Bringing It All Back Home: Family Economy and Generic Exchange
By Vivian Sobchack
Sobchack explores the figure of the child in films, using it to compare the genres of horror, science fiction, and family melodrama. She looks in particular at the child in Rosemary's Baby and the starchild at the end of 2001: A Space Odyssey. She argues that the nuclear family is no longer a place of protection from social upheavals but the site of them. All three genres she examines test the limits of the family in patriarchal culture.Children in horror films are often Others, not their fathers' children. This can lead to fathers becoming monstrous when they are forced to deal with their monstrous children. She suggests the repressed in the horror film is no longer the one with too much power, knowledge, or sexual desire, but the repressed patriarchal hatred, fear, and self-loathing. As patriarchy is increasingly challenged, patriarchal rage increases. The only resolution patriarchy has in any of these films is denial of the future of patriarchy or death.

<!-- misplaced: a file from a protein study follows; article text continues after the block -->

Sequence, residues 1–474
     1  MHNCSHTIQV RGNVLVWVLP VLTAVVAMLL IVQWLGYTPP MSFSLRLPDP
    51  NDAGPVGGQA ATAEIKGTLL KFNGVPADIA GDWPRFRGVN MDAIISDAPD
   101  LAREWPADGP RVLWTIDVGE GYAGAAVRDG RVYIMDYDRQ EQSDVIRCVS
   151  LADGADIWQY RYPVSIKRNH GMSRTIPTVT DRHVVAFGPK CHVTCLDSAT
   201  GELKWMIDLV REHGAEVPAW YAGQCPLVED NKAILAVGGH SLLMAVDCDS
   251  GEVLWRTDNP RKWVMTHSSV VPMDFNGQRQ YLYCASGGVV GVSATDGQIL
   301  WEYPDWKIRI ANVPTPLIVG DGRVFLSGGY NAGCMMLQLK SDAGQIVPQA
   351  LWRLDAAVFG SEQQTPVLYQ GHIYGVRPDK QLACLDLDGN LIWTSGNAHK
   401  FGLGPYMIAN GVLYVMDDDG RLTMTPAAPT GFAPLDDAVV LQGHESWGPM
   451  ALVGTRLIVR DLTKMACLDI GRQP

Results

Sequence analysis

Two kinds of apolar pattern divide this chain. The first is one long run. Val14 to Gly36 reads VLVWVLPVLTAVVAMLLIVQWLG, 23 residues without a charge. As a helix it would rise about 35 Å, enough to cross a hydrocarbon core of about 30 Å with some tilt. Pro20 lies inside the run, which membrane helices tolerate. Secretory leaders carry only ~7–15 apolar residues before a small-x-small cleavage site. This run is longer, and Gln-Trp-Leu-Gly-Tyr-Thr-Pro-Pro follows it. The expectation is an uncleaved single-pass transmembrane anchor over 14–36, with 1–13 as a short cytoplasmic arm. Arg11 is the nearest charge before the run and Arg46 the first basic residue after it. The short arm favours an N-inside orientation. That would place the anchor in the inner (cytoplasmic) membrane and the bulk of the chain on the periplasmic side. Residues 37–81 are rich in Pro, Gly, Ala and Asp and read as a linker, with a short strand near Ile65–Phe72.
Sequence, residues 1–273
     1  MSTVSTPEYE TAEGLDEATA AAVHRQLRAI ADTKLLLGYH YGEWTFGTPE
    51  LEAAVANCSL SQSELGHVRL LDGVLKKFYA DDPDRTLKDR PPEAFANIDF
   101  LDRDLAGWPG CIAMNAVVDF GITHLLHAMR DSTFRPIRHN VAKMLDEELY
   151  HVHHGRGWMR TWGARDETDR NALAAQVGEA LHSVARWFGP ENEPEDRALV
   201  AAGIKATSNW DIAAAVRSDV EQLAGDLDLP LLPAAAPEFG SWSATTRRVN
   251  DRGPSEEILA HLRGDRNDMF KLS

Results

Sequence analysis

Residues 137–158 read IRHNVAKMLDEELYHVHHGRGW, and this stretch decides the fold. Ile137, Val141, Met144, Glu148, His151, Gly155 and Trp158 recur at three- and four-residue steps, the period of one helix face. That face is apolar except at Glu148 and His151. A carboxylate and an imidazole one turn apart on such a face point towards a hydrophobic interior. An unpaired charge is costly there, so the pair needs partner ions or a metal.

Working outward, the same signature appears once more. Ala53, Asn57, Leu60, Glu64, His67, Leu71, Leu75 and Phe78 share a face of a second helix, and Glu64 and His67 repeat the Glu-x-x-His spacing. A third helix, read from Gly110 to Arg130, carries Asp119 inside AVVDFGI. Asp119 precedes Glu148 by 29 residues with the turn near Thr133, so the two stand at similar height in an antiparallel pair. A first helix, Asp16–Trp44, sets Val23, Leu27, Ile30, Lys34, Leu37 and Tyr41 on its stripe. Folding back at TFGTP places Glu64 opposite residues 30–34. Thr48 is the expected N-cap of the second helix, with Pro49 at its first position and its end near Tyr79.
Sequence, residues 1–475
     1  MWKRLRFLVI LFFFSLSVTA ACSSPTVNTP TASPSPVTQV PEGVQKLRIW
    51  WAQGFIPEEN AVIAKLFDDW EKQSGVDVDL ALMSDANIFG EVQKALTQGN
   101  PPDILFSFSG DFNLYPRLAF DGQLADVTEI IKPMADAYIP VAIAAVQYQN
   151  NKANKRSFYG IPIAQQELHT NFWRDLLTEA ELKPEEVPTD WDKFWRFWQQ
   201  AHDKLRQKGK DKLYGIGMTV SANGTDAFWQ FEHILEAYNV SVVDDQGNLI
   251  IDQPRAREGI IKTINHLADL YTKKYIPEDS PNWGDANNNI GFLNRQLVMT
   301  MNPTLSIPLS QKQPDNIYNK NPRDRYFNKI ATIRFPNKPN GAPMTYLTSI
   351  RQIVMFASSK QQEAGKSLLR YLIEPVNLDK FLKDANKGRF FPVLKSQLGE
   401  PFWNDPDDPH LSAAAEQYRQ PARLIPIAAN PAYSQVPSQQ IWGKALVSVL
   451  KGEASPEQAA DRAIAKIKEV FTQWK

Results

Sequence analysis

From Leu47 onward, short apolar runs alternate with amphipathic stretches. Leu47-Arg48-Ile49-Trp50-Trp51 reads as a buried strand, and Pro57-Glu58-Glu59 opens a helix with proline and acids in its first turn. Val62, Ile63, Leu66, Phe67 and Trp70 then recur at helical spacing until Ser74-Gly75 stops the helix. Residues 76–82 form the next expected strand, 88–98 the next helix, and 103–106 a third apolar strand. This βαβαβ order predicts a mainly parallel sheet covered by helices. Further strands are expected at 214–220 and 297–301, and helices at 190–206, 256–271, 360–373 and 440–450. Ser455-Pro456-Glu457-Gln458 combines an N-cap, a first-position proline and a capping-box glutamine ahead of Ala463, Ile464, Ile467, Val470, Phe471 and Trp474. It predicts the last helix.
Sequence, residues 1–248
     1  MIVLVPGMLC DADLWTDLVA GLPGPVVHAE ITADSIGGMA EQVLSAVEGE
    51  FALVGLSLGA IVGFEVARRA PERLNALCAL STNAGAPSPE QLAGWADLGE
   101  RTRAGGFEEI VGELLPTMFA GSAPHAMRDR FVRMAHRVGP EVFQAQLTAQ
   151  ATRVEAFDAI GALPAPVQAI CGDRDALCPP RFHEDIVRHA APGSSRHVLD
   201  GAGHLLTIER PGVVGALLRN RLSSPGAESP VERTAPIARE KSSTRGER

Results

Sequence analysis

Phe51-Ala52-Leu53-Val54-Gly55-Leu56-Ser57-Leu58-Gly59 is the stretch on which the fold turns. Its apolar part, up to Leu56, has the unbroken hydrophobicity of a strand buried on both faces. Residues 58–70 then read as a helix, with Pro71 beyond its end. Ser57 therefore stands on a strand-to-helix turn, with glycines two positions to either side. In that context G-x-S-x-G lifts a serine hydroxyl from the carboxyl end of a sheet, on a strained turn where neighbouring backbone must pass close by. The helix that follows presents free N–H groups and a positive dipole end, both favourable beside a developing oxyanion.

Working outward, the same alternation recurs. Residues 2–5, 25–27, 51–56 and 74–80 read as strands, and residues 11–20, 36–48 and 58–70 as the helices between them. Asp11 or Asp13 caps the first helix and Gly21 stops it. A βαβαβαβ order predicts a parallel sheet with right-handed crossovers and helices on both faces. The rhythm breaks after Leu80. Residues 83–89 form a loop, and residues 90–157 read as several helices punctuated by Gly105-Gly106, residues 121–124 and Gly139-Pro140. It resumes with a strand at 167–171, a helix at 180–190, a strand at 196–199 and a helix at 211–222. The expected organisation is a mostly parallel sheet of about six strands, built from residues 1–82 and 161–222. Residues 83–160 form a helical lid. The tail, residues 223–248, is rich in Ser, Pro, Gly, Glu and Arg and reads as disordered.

One thing I'm not sure of in this article (and this is something that has been mentioned in other articles as well) is the idea that trouble in the nuclear family is relatively new (keeping in mind that most of the articles I've blogged about have been written between around the 1980's). I would think that familial upheaval has always been an issue. This may require further research. In any case, this article is interesting in that it looks at the topic of patriarchal rage as being caused by children, and in particular "monstrous" children.